Meydad Eliyahu

Located in what was once an abandoned 19th Century building, the cultural center known as HaMiffal now hosts an extraordinary range of cultural activities, while providing studio space to artists working in different media. And towards the end of 2017, its production department became engaged in building an entire hospitality infrastructure, the ART BNB INN, that hosts international and Israeli artists from a range of disciplines.

While visiting the space, I had the opportunity to speak to Jerusalem-based artist Meydad Eliyahu, who has been involved with HaMiffal since its inception.

What a remarkable space for artists and for art lovers! When did HaMiffal host its first event?

At the end of 2015, we opened it to the public, inviting artists to create site-specific work in a range of media.

Can you tell us a bit about your engagement with HaMiffal?

I was the first artist-in-residence. That was almost a year ago. For three months, I worked on a series of paper drawings that reflect this building and one in India that I had been researching. I’ve also participated in most of HaMiffal‘s exhibitions, and I was among the first artists to curate here.

How does the process of working here differ from working in your studio?

Working in front of other people, and — at times —  in collaboration with them, is far different than working alone in one’s studio. It is almost performance art! And there is always dialog. It is challenging in a positive sense.

Who are some of the other core artists involved with HaMiffal’s development?

Among them are: Noa Arad Yairi, Neta Meisels, Michal Harada, Shavit Yaron, Tal Harada, Tal Ben Hamo, Yuval Yairi, Itamar Hammerman, Shaul Zofef, Ann Deych, Deborah Fischer, Gilli Levi, Kobi Vogman, Michal Chevion, Michael Cohen, Jonathan Ofrat and Elad Yaron.

Several months ago, HaMiffal began hosting artists from around the world who conduct workshops that are open to the public. Can you tell us something about that?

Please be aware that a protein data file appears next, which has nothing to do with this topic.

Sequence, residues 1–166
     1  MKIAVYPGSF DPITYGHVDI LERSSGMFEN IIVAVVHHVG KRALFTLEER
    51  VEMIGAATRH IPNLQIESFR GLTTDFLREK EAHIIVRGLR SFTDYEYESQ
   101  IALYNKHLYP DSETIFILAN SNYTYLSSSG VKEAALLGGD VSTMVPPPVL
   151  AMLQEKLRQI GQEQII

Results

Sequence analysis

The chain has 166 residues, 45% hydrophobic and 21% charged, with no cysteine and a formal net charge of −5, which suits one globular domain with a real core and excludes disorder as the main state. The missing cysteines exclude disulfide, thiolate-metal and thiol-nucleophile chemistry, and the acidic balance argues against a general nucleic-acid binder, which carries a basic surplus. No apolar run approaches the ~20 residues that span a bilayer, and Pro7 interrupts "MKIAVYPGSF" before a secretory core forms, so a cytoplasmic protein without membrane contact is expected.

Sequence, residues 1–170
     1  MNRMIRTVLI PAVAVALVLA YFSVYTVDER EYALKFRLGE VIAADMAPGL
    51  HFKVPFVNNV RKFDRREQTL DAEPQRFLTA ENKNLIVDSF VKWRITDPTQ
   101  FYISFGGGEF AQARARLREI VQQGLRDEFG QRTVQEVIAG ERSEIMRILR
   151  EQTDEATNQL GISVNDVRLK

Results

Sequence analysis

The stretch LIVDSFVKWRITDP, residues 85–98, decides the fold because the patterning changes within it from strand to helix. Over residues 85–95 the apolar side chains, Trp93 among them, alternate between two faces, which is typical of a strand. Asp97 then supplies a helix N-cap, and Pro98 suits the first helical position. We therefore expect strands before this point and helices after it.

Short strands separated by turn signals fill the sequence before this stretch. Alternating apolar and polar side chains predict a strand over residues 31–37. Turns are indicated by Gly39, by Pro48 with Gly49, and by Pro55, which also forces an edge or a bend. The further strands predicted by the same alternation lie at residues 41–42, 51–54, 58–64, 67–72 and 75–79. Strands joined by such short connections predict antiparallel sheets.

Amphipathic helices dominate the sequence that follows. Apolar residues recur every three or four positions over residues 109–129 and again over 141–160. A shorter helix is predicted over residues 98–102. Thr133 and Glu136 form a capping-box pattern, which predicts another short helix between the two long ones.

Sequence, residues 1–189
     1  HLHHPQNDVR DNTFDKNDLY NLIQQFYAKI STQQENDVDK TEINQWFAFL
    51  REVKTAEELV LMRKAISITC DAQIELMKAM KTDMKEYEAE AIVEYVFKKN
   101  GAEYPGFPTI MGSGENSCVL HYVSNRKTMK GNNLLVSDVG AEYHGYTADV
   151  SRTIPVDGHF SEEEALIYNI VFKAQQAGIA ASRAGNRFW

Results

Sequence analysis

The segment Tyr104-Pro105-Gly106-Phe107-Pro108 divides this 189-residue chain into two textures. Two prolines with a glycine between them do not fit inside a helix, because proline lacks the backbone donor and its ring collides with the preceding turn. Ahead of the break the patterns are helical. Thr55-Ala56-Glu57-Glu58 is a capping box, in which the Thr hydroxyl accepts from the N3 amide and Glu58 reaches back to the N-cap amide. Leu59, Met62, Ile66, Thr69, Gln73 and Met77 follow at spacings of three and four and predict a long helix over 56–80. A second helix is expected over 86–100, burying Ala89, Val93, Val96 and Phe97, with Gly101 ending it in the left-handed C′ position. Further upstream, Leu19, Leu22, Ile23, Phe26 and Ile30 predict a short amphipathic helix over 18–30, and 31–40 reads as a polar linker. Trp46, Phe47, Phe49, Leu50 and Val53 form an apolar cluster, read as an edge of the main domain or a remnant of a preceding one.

Yes. In late December, eight artists — of diverse backgrounds from throughout the globe — conducted workshops, engaged in public dialogs and created site-specific art related to the 100 meter radius around HaMiffal. Among them were the Brazilian street artist Manoel Quiterio, who works extensively with drug addicts and homeless people in his native country and the German musician, DJ and music researcher Nicolas Sheikholeslami.

What’s ahead for HaMiffal?

We envision it as a cultural center that continues to provide workspace and opportunities for artists working – both individually and collaboratively — in an all kinds of art forms. A few months ago, we published an open call for artists to create new works in HaMiffal‘s varied spaces. We received over 60 proposals and we chose ten artists.

And we are interested, of course, in engaging more people from the local community. In addition to running a gallery and workshops and hosting a range of cultural events, HaMiffal offers a café bar. It is quite unusual to have such a space in Jerusalem, and we are doing our best to maintain it.

And you are about to travel!

Several months ago, we were invited to participate in the 28th Jewish Culture Festival in Krakow, Poland to create a site-specific project in a historic building owned by the Bosak family. This is the first time HaMiffal artists’ collective will create a project abroad. It is a huge challenge and an amazing opportunity. The project, Sambation, will continue for ten days and will involve more than 16 artists from the HaMiffal collective.

That is so exciting, And what a wonderful model HaMiffal is for other cities!

Note: Jewish Culture Festival in Krakow began last week and continues through this Sunday.

Photos:

1 & 3 Artwork by Meydad Eliyahu

2 Artwork by Kobi Vogman

4 Artwork by Brazilian artist Manoel Quiterio

Photo credit:  1, 2, & 4 Lois Stavsky; 3 Yelena Kvetny

Interview conducted and edited by Lois Stavsky

Support for HaMiffal is provided by the Jerusalem Municipality, the Jerusalem Foundation and the Leichtag Foundation.

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